Xinhua/ via Getty Images

To be sure, accessing Texas’s rainy day fund is the definition of a hot-button issue. Republican leaders in the state generally oppose using money from the fund, even during major disasters like Hurricane Harvey. But according to the Texas Tribune, it’s likely that even the most fiscally conservative Republican lawmakers have plans to tap into the rainy day fund during the next legislative session — but there’s a lot of debate over how the money will be used.

And because Texas’s social safety net is basically nonexistent, there are a lot of holes that need to be filled. Rural hospitals need money to add beds and buy new equipment, for example, and schools have to figure out how to set up remote learning in a way that works for both students and teachers — both things that will (hopefully) be sorted out in the new budget. But it’s important to remember that restaurants, which seem like frivolity among these more pressing concerns, are also in desperate need of assistance.

In other states and municipalities, lawmakers have taken action to help restaurants during the COVID-19 pandemic. In New York City, the City Council enacted a measure that prevents landlords from going after the personal assets of restaurant owners who can’t pay their rent, among other measures like capping third-party delivery fees and eliminated licensing costs for sidewalk patios. NYC also implemented a moratorium on commercial evictions, which prevented struggling restaurants from being kicked out of their spaces.

Texas has done virtually nothing for restaurants. It has allowed them to sell cocktails to-go, which has certainly provided additional revenue for some establishments, but it isn’t enough. Neither is allowing some bars to temporarily transition into restaurants thanks to a waiver issued by the Texas Alcoholic Beverage Commission. Texas restaurants need real fiscal relief to stay viable and pay their people, and they need it right now.

It’s easy to forget just how much restaurants contribute to the economy. In Houston alone, known as the city of 10,000 restaurants, thousands of people are employed in the industry. When the initial business closures happened in March, their tenuous grasp on economic stability was revealed as cars lined up for hours to pick up food donations and restaurants used their remaining food to cook meals for their now-unemployed staff. As a result, nonprofit organizations have been left to pick up the slack. The Southern Smoke Foundation, which provides financial assistance to hospitality workers in need, has fielded tens of thousands of applications for direct cash assistance from former servers and cooks who have been unable to pay their bills.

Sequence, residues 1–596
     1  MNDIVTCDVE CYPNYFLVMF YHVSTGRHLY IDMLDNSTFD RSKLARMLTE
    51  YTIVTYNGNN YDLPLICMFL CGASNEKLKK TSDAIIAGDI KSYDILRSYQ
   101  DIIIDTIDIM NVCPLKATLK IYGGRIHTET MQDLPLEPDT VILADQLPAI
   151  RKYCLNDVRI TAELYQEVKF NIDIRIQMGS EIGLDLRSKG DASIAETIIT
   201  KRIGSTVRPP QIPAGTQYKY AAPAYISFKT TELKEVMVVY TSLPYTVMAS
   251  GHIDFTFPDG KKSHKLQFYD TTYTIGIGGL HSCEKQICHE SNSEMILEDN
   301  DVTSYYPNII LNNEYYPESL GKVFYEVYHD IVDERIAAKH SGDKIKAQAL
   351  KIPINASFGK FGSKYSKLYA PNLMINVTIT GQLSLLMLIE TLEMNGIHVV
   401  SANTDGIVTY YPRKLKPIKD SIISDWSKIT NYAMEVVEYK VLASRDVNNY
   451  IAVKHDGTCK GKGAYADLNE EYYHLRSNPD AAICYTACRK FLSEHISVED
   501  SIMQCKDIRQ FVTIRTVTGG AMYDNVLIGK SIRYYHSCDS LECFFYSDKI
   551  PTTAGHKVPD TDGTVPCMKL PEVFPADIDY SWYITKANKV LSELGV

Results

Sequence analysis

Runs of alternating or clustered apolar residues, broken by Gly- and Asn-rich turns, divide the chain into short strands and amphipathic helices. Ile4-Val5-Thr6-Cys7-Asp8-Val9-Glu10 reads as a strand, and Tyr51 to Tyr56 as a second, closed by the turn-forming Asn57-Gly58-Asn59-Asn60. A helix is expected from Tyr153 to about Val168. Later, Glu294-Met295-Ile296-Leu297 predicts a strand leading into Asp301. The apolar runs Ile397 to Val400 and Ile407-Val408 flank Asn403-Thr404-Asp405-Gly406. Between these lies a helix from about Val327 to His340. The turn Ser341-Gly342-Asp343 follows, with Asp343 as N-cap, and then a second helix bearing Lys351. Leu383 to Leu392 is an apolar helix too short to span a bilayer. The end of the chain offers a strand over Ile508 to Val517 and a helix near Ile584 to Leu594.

Sure, $10 billion isn’t going to solve all the problems that Texas restaurants face right now; but it would make a significant dent for so many independent restaurateurs who are trying to figure out how to keep their heads above water until the dining situation normalizes. It could also discourage restaurant and bar owners from operating unsafely just to make ends meet. More support is absolutely needed, but tapping into the rainy day fund would be an excellent start.

As many have speculated, it’s likely that the second wave of COVID-19 is going to be worse than the first. Whether or not any additional forced closures actually happen (Eater has reached out to Gov. Abbott for more information on whether he is considering new measures to stem the spread of the virus; a rep for Abbott did not respond), the fear of contracting COVID-19 is still keeping people out of restaurants.

That fear isn’t likely to go away soon, and it probably won’t until there is a viable, accessible vaccine. What’s more likely: Without swift intervention from the Texas Legislature, many of the state’s best restaurants won’t make it until then.